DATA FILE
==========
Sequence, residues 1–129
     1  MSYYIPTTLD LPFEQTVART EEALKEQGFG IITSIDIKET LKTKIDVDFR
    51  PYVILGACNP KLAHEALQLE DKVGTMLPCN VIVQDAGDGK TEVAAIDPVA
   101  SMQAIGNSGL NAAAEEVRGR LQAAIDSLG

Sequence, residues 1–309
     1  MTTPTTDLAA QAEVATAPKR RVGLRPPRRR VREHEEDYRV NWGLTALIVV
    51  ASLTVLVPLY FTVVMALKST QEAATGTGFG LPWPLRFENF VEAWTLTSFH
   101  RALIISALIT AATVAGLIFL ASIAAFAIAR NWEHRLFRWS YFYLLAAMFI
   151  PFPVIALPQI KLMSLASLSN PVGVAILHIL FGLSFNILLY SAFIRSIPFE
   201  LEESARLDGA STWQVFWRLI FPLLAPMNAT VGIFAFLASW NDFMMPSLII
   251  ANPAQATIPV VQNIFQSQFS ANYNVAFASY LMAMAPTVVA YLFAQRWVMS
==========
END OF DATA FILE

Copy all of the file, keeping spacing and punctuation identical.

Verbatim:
Sequence, residues 1–129
     1  MSYYIPTTLD LPFEQTVART EEALKEQGFG IITSIDIKET LKTKIDVDFR
    51  PYVILGACNP KLAHEALQLE DKVGTMLPCN VIVQDAGDGK TEVAAIDPVA
   101  SMQAIGNSGL NAAAEEVRGR LQAAIDSLG

Sequence, residues 1–309
     1  MTTPTTDLAA QAEVATAPKR RVGLRPPRRR VREHEEDYRV NWGLTALIVV
    51  ASLTVLVPLY FTVVMALKST QEAATGTGFG LPWPLRFENF VEAWTLTSFH
   101  RALIISALIT AATVAGLIFL ASIAAFAIAR NWEHRLFRWS YFYLLAAMFI
   151  PFPVIALPQI KLMSLASLSN PVGVAILHIL FGLSFNILLY SAFIRSIPFE
   201  LEESARLDGA STWQVFWRLI FPLLAPMNAT VGIFAFLASW NDFMMPSLII
   251  ANPAQATIPV VQNIFQSQFS ANYNVAFASY LMAMAPTVVA YLFAQRWVMS